Although Catholics are certainly no stranger to miracles, Church officials say one woman’s claim of a bleeding St. Michael statue prior to the Russian invasion of Ukraine is not a miracle. In fact, the church says the red dried liquid on the statue appears to be red nail polish.
A Colorado grocery store employee claimed on February 23 her statue of St. Michael started bleeding on the head, with blood running down his face and around his eyes, just shortly before the world learned of Russia’s invasion of Ukraine. However, after an investigation, Denver archdiocese officials say the statue is not bleeding and the red running down from the head is not blood.
The archdiocese took swabs of the alleged blood from the statue and had a chemical analysis performed on it to determine if it was blood. Archdiocese officials told Catholic News Agency their investigation did not find any evidence to suggest it was blood. In fact, according to the CNA, investigators determined the red liquid could be red nail polish.
“The archdiocese said that ‘a chemical analysis was conducted of the dried liquid on the cotton swabs using the Kastle-Meyer method for presumptive positive blood samples. The test definitively showed that the red liquid obtained from the statue was neither human nor animal blood. The appearance of the substance on the cotton swabs was similar to red nail polish,” according to Catholic News Agency.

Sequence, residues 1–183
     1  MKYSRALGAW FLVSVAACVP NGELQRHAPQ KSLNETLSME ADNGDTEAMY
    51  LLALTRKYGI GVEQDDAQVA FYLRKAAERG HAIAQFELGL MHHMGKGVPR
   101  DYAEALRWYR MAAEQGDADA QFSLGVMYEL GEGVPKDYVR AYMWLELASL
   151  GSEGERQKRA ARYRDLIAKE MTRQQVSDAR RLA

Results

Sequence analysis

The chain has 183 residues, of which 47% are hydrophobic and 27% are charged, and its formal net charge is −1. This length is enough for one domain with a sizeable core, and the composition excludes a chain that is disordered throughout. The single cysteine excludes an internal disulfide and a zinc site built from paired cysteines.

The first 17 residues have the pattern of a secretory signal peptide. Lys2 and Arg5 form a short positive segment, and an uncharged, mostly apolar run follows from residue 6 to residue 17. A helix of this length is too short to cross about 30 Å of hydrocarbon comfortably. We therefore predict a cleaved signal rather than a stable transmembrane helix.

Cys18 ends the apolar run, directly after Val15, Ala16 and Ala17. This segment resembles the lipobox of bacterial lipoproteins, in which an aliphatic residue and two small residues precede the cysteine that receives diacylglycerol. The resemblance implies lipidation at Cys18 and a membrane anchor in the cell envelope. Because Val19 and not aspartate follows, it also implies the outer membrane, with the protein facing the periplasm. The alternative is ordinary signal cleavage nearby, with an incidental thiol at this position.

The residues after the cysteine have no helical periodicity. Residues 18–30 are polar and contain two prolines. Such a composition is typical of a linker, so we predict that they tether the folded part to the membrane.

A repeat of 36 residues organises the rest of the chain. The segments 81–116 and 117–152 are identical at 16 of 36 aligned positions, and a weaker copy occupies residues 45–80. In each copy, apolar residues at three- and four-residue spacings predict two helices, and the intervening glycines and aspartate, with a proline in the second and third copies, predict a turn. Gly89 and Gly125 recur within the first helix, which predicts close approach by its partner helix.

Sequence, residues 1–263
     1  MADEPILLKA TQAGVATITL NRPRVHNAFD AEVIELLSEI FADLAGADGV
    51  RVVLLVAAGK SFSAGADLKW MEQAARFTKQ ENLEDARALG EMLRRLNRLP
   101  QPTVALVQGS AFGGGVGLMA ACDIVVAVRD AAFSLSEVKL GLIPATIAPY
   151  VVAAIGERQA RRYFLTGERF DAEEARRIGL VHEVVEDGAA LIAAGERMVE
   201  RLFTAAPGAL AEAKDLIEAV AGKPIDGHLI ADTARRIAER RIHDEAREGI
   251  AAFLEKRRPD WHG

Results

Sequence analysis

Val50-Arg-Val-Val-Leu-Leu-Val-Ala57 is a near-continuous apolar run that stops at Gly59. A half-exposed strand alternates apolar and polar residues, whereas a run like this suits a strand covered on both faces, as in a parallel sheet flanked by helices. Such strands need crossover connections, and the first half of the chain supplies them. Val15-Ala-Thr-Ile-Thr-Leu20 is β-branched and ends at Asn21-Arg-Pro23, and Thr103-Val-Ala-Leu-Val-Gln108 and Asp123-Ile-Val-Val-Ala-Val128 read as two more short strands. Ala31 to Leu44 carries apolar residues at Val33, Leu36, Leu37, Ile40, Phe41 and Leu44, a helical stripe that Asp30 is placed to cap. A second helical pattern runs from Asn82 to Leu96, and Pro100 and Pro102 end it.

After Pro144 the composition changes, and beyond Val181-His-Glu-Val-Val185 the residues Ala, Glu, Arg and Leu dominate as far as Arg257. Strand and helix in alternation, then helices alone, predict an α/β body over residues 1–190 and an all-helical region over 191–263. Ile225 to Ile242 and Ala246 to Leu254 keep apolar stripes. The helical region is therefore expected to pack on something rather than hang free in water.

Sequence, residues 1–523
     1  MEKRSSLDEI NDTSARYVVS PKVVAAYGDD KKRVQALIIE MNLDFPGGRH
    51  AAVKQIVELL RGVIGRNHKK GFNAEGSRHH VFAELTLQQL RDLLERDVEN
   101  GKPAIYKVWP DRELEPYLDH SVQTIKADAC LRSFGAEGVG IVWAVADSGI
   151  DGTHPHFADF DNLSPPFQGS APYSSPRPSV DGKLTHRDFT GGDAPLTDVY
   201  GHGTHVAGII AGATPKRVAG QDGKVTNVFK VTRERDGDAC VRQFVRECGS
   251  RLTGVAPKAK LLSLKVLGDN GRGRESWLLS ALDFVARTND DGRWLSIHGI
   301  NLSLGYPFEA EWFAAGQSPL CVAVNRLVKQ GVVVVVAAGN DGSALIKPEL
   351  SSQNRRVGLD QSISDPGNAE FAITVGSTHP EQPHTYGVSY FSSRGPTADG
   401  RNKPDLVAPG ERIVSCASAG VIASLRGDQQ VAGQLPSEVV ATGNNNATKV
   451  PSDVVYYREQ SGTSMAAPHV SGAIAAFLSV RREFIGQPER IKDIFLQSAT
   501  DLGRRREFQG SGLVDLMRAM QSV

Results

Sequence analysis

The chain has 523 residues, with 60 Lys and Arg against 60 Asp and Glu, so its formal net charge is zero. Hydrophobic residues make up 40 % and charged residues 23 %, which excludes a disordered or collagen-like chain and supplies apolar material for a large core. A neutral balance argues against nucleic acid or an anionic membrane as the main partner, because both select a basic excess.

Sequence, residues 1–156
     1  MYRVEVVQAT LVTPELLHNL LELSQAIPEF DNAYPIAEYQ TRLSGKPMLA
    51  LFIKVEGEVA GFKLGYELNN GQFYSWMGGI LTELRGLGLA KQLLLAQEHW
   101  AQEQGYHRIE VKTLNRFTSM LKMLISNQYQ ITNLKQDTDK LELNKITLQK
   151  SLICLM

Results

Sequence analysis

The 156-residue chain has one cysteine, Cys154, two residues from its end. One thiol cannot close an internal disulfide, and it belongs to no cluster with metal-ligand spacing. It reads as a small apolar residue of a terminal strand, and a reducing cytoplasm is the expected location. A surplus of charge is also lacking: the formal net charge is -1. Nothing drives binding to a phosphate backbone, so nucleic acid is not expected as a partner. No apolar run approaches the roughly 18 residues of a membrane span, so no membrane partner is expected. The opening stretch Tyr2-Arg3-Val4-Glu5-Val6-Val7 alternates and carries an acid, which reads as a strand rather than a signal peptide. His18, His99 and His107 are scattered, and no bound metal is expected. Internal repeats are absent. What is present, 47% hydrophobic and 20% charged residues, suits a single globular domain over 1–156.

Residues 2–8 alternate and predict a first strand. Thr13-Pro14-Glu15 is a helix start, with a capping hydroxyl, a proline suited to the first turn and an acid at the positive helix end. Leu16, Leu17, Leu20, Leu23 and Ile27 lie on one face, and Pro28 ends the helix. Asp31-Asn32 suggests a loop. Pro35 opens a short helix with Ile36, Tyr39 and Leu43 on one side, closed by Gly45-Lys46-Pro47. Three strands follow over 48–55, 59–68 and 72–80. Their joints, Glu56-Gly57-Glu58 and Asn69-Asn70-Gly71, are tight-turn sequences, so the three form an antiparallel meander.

The woman, Alicia Martinez, is a native of Mexico and made the claim on social media and YouTube of the bleeding statue. When her video was originally posted, many accused her of seeking attention and perhaps financial gain. She denied there were any alternative motives and removed the video after suffering some of the allegations from social media users. However, the archdiocese has determined her claim of a miracle is unfounded and fake.
Many miracles have been reported in connection to the Russian invasion of Ukraine, including Ukrainians seeing angels in the clouds over Kyiv, Ukraine. It appears, however, this alleged miracle is nothing but a forgery. The process, and allegation, shows the importance of the church’s investigative process into allegations of miracles.
A few of the most recent miracles recognized by the Catholic Church was the curing of an Indian woman with an abdominal tumor which was credited to the intercession of Mother Teresa, paving the way for her beatification in 2003. Additionally, a miracle was recognized by a bishop in 2018 when Beauvais Bishop Jacques Benoit-Gonin proclaimed the healing of a long-debilitation nun following a pilgrimage to Lourdes. One of the most recent miracles recognized by the church paved the path for Knights of Columbus founder Fr. Michael McGivney to be named a Blessed after an unborn child of a Tennessee couple was miraculously healed from fetal hydrops. The miracle places Fr. McGivney one step closer to being canonized.